Poe has since retired, presumably to live out the rest of his analogue days in bliss. But, be afraid, his position has no doubt been filled by yet another digital reluctant worryingly ready to ignore the rapid evolution and ever-increasing complexity of technological developments.

What congress really seems to need is a permanent, trustworthy, and non-biased body of independent technical and scientific experts to exclusively advise them on the crucial details (as well as the basic framework) of how modern tech works and its potential impact on our lives. Oh wait, they had one of those, and they canned it.

The History of the OTA

There wasn’t always such a dearth of advisors on capitol hill who could serve up unbiased info on science and tech legislation. From the 70s through to the mid-90s congress had its own thinktank of highly valued experts in these fields: the Office of Technology Assessment (OTA).

During its heyday, the small agency conducted research on everything from artificial hearts to solar technology, functioning as a crucial early-warning signal regarding emerging technologies and what policy options were available to deal with them.

Lawmakers would frequently consult the OTA nerds for help as they developed policy – a far cry from the essentially useless, (literally) trumped up collections of industry lobby-jockeys and partisan ‘experts’ that make up special advisory councils to the current administration.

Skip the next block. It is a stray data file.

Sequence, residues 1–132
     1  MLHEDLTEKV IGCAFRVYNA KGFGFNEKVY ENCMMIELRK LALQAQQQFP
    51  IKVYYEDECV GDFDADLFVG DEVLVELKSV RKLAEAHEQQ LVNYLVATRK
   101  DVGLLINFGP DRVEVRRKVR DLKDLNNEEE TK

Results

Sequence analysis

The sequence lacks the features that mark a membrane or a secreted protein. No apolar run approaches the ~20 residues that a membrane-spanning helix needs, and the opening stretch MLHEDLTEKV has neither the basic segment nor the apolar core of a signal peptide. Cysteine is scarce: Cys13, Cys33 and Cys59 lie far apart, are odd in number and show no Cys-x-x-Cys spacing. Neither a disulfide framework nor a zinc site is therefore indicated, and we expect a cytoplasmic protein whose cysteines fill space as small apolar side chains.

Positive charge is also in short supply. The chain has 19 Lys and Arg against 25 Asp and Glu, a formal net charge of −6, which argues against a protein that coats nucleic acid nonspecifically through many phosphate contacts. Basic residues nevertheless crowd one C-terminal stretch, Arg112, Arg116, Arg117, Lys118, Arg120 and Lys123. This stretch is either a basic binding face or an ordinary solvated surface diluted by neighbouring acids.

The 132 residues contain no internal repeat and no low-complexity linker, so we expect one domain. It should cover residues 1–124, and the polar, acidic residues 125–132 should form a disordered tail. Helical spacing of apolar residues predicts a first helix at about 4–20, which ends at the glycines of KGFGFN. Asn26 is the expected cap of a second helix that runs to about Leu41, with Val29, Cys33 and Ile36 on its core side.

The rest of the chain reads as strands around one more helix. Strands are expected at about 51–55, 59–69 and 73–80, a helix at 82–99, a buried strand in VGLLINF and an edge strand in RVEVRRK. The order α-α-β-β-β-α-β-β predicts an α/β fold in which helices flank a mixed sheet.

The OTA saved lives. When Nixon’s defence secretary pitched an intercontinental ballistic missile strategy with wildly underrepresented casualty estimates, the agency forced the defence department to revise its calculations. Moreover, the OTA was instrumental in ensuring US Medicare covered mammograms and pap smears for all women, and almost single-handedly discredited the use of polygraph testing in the court system.

It even gained international renown; in an inversion of the usual dynamic, a delegation from the Netherlands came to the US to study the OTA so they could replicate it back home. I haven’t seen many officials from across the pond racing to copy anything the US government has done lately.

But the OTA made a faux pas that’s been the downfall of many independent bodies on capitol hill and refused to compromise its objectivity to curry political favour and thus ensure its funding. Predictably steadfast to the facts, in the 80s they refused to back the Reagan administration’s proposed ‘Star Wars’ missile defence system. Never heard of it? Yea, that’s because it didn’t work. But the republicans went ahead with it anyways, and resentment at the OTA’s rebuke smoldered with particular ferocity because of the failure of the program.

Finally, an opportunity for revenge emerged in the 90s. As part of his promise to the American public to shrink the power of government – his ‘Contract with America’ – Newt Gingrich under Reagan dissolved the OTA.

Why we need the OTA back

The governments that western Gen Zers have grown up with are a joke. Truly – they are subject of genuine international hilarity. Though the US government has a long history of making mistakes, with a few less than graceful blights (hello Clinton), it at least used to wield some measure of influence. The worldwide climate of fear that lead to widespread support for the Iraq campaign after 9/11 was only possible due to the fearmongering of the Bush administration.